Thanks to Edwards, Chiefs Building the Right Way
Nearly midway through last season, the Kansas City Chiefs were 4-3, tied for first place in the AFC West and shocking the National Football League.
Then all of a sudden, a harsh dose of reality kicked in. It smacked head coach Herman Edwards and general manager Carl Peterson square in the face.
The reality was, their team was too old, too slow and not talented enough to win games nevertheless compete with the elite teams in the league. So, a nine game losing streak to close the season sent shockwaves through Chiefs fans, which are as diehard as they come.
They were used to being contenders for the playoffs, never losing in hallowed Arrowhead Stadium. They were used to an offense that had no problem eclipsing 300 yards a game, not struggling to get to 200, a defense that rarely gave up the big play.
Last year’s team was everything the Chiefs weren’t for the last 15 years. Needless to say, a change was needed.
For so long, bringing in 32-year old veterans to patch up a position was the norm in K.C. Not anymore, however, as this past off-season the focus shifted to getting younger, faster and more talented in the off-season, which met more extensive focus on the draft.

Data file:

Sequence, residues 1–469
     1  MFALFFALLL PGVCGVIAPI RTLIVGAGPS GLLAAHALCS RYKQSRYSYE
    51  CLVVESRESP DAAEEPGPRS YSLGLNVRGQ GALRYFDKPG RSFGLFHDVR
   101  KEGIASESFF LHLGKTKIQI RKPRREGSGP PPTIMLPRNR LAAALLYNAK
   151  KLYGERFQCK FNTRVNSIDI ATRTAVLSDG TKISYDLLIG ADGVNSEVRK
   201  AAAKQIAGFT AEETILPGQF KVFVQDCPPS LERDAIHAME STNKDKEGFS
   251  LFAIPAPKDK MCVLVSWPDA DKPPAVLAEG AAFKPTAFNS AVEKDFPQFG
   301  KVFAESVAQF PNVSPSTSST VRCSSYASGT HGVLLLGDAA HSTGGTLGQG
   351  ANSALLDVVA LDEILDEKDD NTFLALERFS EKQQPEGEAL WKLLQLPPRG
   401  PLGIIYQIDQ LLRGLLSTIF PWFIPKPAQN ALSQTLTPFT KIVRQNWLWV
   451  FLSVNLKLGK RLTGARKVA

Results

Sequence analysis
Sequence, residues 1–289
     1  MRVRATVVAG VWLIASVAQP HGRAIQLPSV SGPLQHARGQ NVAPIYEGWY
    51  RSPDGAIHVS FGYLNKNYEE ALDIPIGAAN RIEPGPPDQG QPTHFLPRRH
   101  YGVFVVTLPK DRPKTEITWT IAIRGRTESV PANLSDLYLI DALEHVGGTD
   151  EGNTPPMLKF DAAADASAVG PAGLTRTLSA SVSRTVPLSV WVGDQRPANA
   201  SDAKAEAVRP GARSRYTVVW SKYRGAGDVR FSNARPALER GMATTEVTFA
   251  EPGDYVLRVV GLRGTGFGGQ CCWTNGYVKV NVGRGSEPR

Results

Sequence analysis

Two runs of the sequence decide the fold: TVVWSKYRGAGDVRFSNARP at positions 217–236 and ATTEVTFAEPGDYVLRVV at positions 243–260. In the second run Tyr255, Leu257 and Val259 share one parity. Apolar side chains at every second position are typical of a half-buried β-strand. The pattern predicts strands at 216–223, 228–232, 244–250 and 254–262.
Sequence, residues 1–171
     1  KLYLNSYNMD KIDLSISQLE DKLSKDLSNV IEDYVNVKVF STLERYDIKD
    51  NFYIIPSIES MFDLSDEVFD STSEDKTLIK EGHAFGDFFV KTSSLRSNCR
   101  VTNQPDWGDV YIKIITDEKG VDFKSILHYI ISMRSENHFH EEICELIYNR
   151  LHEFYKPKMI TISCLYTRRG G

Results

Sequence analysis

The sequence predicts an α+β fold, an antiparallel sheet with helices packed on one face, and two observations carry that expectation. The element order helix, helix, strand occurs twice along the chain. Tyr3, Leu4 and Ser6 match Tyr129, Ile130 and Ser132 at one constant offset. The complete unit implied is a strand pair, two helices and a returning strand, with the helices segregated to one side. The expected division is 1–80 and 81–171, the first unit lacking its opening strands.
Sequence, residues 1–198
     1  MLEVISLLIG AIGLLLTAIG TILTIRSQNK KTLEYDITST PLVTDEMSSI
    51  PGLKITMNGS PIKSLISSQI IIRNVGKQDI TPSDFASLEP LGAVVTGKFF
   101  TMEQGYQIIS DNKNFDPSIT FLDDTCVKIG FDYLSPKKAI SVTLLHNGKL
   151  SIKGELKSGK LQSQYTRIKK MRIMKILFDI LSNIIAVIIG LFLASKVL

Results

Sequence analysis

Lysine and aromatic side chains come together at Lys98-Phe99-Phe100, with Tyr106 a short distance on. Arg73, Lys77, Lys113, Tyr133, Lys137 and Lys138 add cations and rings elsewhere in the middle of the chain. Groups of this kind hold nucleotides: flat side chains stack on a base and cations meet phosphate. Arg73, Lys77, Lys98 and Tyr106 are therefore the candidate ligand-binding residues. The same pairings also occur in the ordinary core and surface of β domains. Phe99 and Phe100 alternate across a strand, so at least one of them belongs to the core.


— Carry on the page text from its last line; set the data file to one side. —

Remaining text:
The Chiefs had 13 picks in the draft and it appears at least five of them are going to start right away. Only one free agent was signed, linebacker Demarrio Williams, and he's only 28.
Edwards has had his fair share of critics, who categorize him as too conservative or unimaginative. But the one thing he can do is rebuild.
His track record speaks for itself:
In his time on staff in Tampa Bay with Tony Dungy, he was a part of franchise that went to the playoffs four out of five years, following 17 seasons of losing records. He was contributed to draft classes that included: Warren Sapp, Derrick Brooks and Ronde Barber.
As head coach of the New York Jets, he took his teams to the playoffs in three out of five years, while drafting the likes of Jonathan Vilma, Santana Moss and Jerricho Cotchery.
It's too early to assume the Chiefs' 2008 draft of Glenn Dorsey, Brandon Albert and Brandon Flowers is going to stack up to those draft classes but at least the blueprint too success has been set.
Patience needs to be the theme of this year's team. It could very well be a 5 or 6 win team. But rest assured, the direction is clearly stated and the payoff could come as soon as next season, if certain pieces progress.
Three years from now, the organization may look back at this rebuilding project and see disappointment and no rewards from the "youth movement." But at least it was done the right way.
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